"It defies logic for the White House to admit this part of their health spending bill would put an unsustainable burden on taxpayers, yet demand it stay on the books," said Senate Republican Leader Mitch McConnell of Kentucky.

Adding to the uncertainty, a top technical expert who worked on CLASS financing for the administration appeared to contradict the administration's conclusions. Robert Yee, an actuary who specializes in long-range financial planning, said Monday that he had found a possible path forward. Yee's ideas would involve marketing the plan first to healthy people, and also possibly requiring people in poor health to wait longer before they could receive benefits.

It was unclear whether either of those approaches would be acceptable to the coalition of CLASS supporters - or Sebelius and the administration.

Essentially, Yee's ideas called for making CLASS more like private long-term care insurance. Administration lawyers did not see how that could be done while also abiding by a requirement in the legislation that the program be open to people regardless of their health problems.

But supporters of the program say the administration will pay a political price if it tosses out the long-term care plan. AARP, the seniors lobby, has called the decision by Sebelius premature

"If they said they want to hibernate it for a couple of years, that would be clearer than what they are saying now," said Minnix.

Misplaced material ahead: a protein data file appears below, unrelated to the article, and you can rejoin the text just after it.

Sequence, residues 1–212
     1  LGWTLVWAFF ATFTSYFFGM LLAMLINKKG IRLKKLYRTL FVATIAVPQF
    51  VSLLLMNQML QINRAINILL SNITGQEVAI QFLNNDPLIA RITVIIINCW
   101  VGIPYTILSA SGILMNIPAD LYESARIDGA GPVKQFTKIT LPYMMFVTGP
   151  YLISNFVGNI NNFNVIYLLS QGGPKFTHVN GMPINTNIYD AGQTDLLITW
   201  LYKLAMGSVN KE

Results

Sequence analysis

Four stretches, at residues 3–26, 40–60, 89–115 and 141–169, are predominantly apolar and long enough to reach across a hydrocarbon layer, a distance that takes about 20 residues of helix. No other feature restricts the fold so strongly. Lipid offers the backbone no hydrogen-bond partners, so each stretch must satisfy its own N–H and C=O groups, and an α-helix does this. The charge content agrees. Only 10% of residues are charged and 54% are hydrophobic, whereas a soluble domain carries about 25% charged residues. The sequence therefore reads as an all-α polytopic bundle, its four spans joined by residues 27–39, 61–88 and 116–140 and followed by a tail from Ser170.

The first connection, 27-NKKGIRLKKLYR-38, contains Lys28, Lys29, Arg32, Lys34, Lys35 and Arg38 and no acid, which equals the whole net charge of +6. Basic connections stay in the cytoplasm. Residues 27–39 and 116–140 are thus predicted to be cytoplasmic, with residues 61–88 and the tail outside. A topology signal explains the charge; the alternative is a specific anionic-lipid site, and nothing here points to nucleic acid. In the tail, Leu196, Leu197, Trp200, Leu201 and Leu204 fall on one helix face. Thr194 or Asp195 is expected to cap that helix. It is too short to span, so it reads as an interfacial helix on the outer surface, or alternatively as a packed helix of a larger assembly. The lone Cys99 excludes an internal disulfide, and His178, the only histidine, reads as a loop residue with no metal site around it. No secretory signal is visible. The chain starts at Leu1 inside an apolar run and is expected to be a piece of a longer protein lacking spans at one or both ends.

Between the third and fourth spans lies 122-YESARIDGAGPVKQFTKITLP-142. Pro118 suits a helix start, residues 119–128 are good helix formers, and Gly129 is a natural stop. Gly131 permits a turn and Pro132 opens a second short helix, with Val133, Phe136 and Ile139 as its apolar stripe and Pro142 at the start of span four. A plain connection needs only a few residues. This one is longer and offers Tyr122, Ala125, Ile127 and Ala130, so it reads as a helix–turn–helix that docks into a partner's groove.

Explore further: Ruling could speed repeal of long-term care plan


Related Stories

Ruling could speed repeal of long-term care plan

October 17, 2011
(AP) -- A troubled long-term care plan in President Barack Obama's health overhaul has suffered another setback.

Health overhaul law suffers first major casualty

October 15, 2011
(AP) -- The Obama administration's signature health overhaul law, under relentless assault by Republicans, has suffered its first major casualty - a long-term care insurance plan.

Medicare prescription premiums unchanged for 2012

August 4, 2011
(AP) -- The Obama administration says it has good news for seniors: The average monthly premium for Medicare's popular prescription plan won't go up next year.

Recommended for you

Women who sexually abuse children are just as harmful to their victims as male abusers

August 21, 2017
"That she might seduce a helpless child into sexplay is unthinkable, and even if she did so, what harm can be done without a penis?"

To reduce postoperative pain, consider sleep—and caffeine

August 18, 2017
Sleep is essential for good mental and physical health, and chronic insufficient sleep increases the risk for several chronic health problems.

Despite benefits, half of parents against later school start times

August 18, 2017
Leading pediatrics and sleep associations agree: Teens shouldn't start school so early.

Doctors exploring how to prescribe income security

August 18, 2017
Physicians at St. Michael's Hospital are studying how full-time income support workers hired by health-care clinics can help vulnerable patients or those living in poverty improve their finances and their health.

Schoolchildren who use e-cigarettes are more likely to try tobacco

August 17, 2017
Vaping - or the use of e-cigarettes - is widely accepted as a safer option for people who are already smoking.

Federal snack program does not yield expected impacts, researchers find

August 17, 2017
A well-intentioned government regulation designed to offer healthier options in school vending machines has failed to instill better snacking habits in a sample of schools in Appalachian Virginia, according to a study by ...


Please sign in to add a comment. Registration is free, and takes less than a minute. Read more

Click here to reset your password.
Sign in to get notified via email when new comments are made.